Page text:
I no longer want to catch every fish in the stream, I don't need to, nor do I want to. The method of tenkara has already increased my catch rate. Now when I fish, I enjoy what I am doing and it is such a surprise to catch fish on a system I can't see, I am learning more and more to increase my catch by feel.
I use a clear line to increase the sensation of feel.
I imagine most of the fish that I catch, yes, I do sight cast to quite a few of my catch but in a large river, most of the fish that I catch, I can't see.
I still have the ability to feel the take and that is the point of the hook.
The more you know, the less you need.
Really enjoyed the read Adam. In the early 90’s when I was a young teen in Alaska learning to fly fish I just instinctively began fishing nymphs with long clear leaders, minimal weight and a high rod position and just feeling everything. I remember when I first began seeing “strike indicators” on fly rigs I didnt understand the need for them. Those early years really formed how I would go on to fish for the next 30 years and counting. Now as my tenkara lines get lighter and lighter I think going to a clear line may be the next step. At least worth the experimentation and dedicating some time to.ReplyDelete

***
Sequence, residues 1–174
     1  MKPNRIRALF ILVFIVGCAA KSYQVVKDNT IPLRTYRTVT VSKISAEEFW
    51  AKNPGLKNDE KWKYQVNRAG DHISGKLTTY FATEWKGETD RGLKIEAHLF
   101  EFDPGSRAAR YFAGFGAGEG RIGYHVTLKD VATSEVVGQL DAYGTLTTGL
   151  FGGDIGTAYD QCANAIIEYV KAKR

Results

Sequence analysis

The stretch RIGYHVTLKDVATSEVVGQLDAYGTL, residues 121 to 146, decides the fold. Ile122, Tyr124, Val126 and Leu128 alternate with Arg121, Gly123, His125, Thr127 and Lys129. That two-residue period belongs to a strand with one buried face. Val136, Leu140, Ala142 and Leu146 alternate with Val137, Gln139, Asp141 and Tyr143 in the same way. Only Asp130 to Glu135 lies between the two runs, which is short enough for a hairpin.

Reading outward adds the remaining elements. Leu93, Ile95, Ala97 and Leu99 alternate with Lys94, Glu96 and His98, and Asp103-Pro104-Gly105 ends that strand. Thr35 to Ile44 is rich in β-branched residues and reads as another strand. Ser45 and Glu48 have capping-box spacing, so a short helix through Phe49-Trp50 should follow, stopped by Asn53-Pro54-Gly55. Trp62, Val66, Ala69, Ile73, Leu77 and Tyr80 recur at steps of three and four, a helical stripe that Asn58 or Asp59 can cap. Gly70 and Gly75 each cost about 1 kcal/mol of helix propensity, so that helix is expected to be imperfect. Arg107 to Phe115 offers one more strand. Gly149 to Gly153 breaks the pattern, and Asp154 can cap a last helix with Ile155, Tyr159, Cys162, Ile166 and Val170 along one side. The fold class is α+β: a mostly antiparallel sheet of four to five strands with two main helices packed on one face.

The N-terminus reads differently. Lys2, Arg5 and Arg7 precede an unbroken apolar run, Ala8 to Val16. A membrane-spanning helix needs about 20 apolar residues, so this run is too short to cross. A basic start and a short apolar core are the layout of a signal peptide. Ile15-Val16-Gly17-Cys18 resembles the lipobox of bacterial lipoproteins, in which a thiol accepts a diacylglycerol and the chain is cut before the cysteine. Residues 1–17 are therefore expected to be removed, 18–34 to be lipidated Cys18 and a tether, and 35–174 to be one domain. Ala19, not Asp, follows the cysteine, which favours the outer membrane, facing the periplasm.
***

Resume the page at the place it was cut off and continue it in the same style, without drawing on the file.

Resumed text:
Clearly (pun intended) clear lines are not for everyone. But they are helpful as I progress in my practice of tenkara. I still use a color line for urban #untenkara. I craft that line with a clear tip that helps me gauge depth.Delete
Light lines? Even a #3.5 is light and beyond that, lighter lines start taking away the accurate attribute of tenkara, accuracy. Once accuracy degrades, that's where I stop. I craft my lines to be "all around" in that, the accuracy aspect I protect.
It sounds like clear lines may be in your future, I have not regretted any bit of time that I've spent using them, that is for sure.
Good luck and take care, thank you for visiting.